- If the available network is defined as permitted network in the sim card.
- If the network is providing services which mobile phone is asking for.
If all these conditions satisfy then the mobile starts the control connection with the mobile tower which is advertising the network.
Question-3: How does the provider identify my mobile phone?
SIM card has a minimal but very very important information stored in it. Some of that information is
- (Integrated circuit card identifier) ICCID
- International mobile subscriber identity (IMSI)
- Authentication key (Ki)
- Location area identity
- SMS messages and contacts
When any mobile starts up it sends its IMSI to the operator. This value has 3 components, MCC(mobile country code) MNC (mobile network code ), and MSIN (mobile subscription identification number).
Now the Mobile operator has a device called HSS or home subscriber server that stores all the IMSIs and associated user data and every incoming connect request will be validated against the database in the HSS. If the subscriber’s IMSI is found in HSS then the further connection process starts.
Every IMSI has a user profile associated with it and it is stored at HSS. For example, User-1 has voice and data subscription, User-2 has voice,data, and international roaming subscription, etc
Question-4 : How does the ISP track and bill me for my activities using phone?
Once the control session is built up the data connection starts, where the mobile tower also called EnodeB in 4G network directly connects with S-Gateway(Serving gateway) which in turn connects with P-gateway(PDN or packet gateway) that has the direct connection with the outside world.
Flow-based charging is done with the help of PCRF(Policy and Charging Rules Function). PCRF has an agent running on P–gateway which is called PCEF(Policy and Charging Enforcement Function ). PCEF is responsible for all flow-based charging, for example, for a SIM you sometimes when cross the allowed limit you will be charged more.PCRF helps to program PCEF to treat different traffic coming from mobile in accordance with the subscription that you have bought.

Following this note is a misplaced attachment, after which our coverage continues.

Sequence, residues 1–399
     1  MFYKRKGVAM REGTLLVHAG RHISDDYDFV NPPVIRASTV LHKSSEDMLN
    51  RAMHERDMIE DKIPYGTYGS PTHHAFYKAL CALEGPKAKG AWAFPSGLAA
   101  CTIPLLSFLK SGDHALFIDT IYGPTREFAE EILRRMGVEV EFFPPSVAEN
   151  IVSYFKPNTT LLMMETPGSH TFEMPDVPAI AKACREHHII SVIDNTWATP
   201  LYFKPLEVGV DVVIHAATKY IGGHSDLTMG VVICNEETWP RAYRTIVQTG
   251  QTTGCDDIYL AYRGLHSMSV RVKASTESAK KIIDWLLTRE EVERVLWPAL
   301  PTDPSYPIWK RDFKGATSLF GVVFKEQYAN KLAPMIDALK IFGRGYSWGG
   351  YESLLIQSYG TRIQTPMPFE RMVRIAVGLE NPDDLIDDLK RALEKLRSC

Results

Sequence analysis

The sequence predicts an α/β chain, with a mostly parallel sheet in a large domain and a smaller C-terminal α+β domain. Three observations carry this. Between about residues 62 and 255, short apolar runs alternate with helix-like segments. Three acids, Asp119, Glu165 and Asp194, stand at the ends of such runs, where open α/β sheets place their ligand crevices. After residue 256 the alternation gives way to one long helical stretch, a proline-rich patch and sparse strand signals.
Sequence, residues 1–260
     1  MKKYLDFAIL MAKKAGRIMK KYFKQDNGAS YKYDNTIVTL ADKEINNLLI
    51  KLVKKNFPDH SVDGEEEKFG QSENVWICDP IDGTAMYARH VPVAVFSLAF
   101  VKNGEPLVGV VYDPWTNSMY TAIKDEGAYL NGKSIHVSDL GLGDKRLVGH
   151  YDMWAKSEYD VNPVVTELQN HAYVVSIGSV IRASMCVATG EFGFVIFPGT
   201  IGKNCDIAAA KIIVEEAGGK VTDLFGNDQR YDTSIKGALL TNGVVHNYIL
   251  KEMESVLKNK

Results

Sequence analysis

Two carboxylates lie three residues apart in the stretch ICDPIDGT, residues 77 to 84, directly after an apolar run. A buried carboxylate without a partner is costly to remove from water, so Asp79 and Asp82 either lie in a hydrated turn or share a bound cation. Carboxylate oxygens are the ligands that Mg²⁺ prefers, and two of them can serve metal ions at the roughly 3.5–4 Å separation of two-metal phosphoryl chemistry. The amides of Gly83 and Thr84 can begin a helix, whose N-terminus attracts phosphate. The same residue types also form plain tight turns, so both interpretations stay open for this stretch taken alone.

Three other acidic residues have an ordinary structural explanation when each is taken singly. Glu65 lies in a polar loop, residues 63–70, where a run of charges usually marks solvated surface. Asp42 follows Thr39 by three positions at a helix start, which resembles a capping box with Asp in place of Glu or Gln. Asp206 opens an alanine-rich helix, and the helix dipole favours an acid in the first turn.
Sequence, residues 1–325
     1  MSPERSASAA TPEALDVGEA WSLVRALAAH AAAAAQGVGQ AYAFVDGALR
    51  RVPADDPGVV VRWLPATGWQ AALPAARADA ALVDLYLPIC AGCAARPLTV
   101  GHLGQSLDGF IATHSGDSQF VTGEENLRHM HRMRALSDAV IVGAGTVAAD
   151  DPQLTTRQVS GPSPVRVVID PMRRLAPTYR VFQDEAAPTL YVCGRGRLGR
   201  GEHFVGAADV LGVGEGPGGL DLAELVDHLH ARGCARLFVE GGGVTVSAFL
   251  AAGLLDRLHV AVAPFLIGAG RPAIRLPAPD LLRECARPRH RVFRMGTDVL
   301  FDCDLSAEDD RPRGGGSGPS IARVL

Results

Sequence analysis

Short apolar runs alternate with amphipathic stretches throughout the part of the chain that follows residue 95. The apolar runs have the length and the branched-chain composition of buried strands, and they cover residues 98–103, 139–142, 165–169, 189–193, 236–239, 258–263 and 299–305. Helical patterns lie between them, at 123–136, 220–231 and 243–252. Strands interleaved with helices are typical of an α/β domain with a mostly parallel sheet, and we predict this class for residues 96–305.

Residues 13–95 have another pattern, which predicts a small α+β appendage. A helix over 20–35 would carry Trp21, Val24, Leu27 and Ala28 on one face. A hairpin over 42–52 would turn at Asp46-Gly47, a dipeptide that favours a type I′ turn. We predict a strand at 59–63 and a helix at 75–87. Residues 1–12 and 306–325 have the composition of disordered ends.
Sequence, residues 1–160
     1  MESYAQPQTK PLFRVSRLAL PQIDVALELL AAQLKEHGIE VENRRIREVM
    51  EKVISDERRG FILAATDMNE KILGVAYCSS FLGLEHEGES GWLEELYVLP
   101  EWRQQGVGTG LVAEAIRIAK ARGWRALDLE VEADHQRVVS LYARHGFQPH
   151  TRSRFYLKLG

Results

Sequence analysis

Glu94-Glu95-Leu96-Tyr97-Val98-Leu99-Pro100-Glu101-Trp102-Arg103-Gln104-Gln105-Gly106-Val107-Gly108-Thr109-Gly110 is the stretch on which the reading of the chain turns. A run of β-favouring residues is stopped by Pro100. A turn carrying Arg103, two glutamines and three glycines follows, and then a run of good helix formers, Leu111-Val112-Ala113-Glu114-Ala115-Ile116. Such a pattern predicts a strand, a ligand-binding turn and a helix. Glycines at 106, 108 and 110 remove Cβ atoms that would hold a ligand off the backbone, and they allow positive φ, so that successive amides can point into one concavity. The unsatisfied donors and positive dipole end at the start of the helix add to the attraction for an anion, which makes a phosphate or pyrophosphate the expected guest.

Now here you can guess if the government asks the service provider to tap or intercept somebody’s connection for lawful intercept then where it will do it since the P-gateway has the complete visibility of your data hence this is the place where it should be done.
Question-5 : How does the Roaming work?
Roaming in the mobile world means that you have left your home network and went roaming to other networks, for example, an Australian person visits Asia in the below example…Roaming is done majorly in below two ways.
Home routed roaming :
In this method of roaming the control and data both the connections are steered to the home network and served by the home network directly.
Once the control session is established, all the data connections are also forwarded to the home P-gateway by the visited S-gateway(Serving gateway). This is called home routed roaming, you may experience delays or latency in this approach but it all depends upon the distance and the quality and volume of the channel between the providers.
Local Breakout Roaming:
The next roaming method is local breakout where the home network is only used for the control session phase as soon as we validate the user the data session is served by the visited network p-gateway itself… I like this method.
It was very interesting to know about mobile communications and it was even interesting to write about it. Now, the world is moving to 5G, some people on YouTube are also talking about 6G …can you believe it? But you would certainly appreciate my courage that I still took some time to learn and write about 4G, I am writing about an old tech!! Also, don’t get fooled by the operators who are providing 4G at the cost of 5G, believe me, there will be some ISPs like this. Also, you read me now please also hear me saying the same things I wrote. If you like the post or the video, please subscribe to me on YouTube.